Have you got a calcium kid?

Laura Sharp

And I don’t mean the film! Far too many children aren’t getting enough calcium. In fact, one in eight 11-18 year-olds aren’t getting the recommended amount, and it’s a big problem.

We need calcium for strong bones and teeth, especially during childhood and adolescence when our bones are growing fast. This is our once-in-a-lifetime chance to build strong bones. They reach their strongest in our mid- to late twenties, then start to lose calcium and get weaker. So children who don’t have enough calcium are at risk of developing rickets in childhood, and osteoporosis or brittle bones in later life. We also need calcium for healthy muscles and nerves, and to keep our blood clotting well.

The great thing is that you’ll find calcium in all sorts of foods. Ask where it comes from and most people will think of milk, cheese or other dairy products. They’re right: these are some of the best sources of calcium, but they can be high in saturated fat. There are lots of other foods which will help you get it into your child’s diet too: broccoli, rhubarb, chickpeas, sage and pilchards are some of the many others with good calcium credentials.

So here are my top tips:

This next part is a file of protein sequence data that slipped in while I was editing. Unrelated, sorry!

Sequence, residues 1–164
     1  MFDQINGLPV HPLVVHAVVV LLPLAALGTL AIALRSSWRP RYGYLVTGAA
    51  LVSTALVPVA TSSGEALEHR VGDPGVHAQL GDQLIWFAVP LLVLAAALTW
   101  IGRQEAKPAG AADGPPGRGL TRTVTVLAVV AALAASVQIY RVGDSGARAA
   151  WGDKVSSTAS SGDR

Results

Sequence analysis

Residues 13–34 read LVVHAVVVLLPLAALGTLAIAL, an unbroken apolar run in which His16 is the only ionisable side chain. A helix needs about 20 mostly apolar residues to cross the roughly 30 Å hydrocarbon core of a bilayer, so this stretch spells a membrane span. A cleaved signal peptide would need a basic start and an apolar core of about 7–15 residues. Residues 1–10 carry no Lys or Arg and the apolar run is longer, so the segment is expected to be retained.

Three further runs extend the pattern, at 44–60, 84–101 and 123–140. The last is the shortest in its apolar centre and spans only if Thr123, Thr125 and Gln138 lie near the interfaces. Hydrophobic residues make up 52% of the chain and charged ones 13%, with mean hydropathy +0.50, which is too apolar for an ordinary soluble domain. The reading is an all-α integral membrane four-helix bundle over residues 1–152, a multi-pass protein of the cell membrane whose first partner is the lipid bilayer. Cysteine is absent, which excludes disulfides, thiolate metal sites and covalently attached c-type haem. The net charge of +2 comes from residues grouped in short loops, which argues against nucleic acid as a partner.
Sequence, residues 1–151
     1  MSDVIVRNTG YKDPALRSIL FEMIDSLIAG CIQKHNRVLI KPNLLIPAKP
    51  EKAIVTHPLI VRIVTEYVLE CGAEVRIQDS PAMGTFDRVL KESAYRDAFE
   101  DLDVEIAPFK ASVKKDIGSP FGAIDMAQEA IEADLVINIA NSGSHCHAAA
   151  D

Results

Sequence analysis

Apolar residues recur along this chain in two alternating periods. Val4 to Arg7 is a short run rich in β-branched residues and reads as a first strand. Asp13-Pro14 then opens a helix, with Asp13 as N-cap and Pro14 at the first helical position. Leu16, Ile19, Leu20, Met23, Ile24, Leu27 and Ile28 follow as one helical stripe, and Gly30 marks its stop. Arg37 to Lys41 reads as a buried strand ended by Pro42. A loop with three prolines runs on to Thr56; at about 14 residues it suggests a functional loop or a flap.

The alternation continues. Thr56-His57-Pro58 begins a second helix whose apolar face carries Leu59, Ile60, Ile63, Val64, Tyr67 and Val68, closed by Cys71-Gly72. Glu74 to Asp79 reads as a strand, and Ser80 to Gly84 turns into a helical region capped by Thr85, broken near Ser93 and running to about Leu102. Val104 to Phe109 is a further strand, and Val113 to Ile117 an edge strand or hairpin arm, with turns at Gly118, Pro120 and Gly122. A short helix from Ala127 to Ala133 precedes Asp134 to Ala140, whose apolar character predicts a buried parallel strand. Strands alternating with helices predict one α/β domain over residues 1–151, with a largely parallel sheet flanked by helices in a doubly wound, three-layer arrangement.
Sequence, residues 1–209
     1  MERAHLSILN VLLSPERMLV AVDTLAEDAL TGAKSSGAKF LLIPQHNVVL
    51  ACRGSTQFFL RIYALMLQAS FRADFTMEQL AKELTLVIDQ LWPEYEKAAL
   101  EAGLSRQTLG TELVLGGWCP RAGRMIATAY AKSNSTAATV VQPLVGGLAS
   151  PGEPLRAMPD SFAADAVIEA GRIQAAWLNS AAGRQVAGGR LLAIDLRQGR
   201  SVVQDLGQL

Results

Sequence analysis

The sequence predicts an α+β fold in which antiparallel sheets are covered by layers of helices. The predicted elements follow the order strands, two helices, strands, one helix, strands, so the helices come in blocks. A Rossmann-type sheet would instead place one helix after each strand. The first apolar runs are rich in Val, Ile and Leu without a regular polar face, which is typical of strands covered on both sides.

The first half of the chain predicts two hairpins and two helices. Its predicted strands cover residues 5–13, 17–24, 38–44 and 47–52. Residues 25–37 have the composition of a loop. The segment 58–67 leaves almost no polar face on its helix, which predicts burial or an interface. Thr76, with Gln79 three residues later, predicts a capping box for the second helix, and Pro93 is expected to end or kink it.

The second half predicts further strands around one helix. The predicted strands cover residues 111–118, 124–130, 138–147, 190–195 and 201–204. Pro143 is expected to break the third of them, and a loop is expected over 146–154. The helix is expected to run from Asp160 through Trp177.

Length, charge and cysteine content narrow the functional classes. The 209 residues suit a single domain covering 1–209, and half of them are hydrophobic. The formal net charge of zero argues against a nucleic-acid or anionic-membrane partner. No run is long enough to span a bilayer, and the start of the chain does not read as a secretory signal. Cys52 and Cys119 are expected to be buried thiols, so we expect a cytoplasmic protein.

• Choose low-fat varieties of dairy foods. Try adding low-fat plain yoghurt to curries – this helps to make them less spicy as well as increasing the calcium content
  • Swap for soya – get some of these little beans into your child’s diet. Try swapping some kidney beans in chilli for soya beans, and you’ll boost the calcium content
  • Try adding semi-skimmed milk or plain low fat yoghurt to a smoothie…just make sure there’s still plenty of fruit in there too
  • Use canned fish with small bones, like pilchards and sardines – the bones are edible and high in calcium. Try pilchards in pasta (there’s a great recipe for herby pilchard pasta here) or sardines in fishcakes
  • Add different varieties of dried fruit to porridge and other breakfast cereals.

There’s lots more about dairy foods and calcium for under-fives on page 22 of our guide for childcare providers.

And have a look at these recipes which are all designed to give kids a calcium boost  – they’re written for school cooks, but you can reduce the quantities if you’re trying them at home.

Laura’s one of our research nutritionists. Email Laura.

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2 responses to “Have you got a calcium kid?

  1. Pingback: Have you got a calcium kid? | childrensfood | Option One Nutrition

  2. Pingback: Have you got a calcium kid?

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